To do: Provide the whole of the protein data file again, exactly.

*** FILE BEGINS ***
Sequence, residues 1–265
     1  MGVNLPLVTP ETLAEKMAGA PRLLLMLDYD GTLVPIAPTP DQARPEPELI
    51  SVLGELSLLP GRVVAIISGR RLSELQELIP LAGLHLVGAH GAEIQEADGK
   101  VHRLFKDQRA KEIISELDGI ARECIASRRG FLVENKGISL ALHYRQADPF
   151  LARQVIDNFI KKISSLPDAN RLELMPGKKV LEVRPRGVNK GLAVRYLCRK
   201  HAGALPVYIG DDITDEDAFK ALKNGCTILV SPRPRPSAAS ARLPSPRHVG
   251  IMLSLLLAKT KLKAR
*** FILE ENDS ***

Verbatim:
Sequence, residues 1–265
     1  MGVNLPLVTP ETLAEKMAGA PRLLLMLDYD GTLVPIAPTP DQARPEPELI
    51  SVLGELSLLP GRVVAIISGR RLSELQELIP LAGLHLVGAH GAEIQEADGK
   101  VHRLFKDQRA KEIISELDGI ARECIASRRG FLVENKGISL ALHYRQADPF
   151  LARQVIDNFI KKISSLPDAN RLELMPGKKV LEVRPRGVNK GLAVRYLCRK
   201  HAGALPVYIG DDITDEDAFK ALKNGCTILV SPRPRPSAAS ARLPSPRHVG
   251  IMLSLLLAKT KLKAR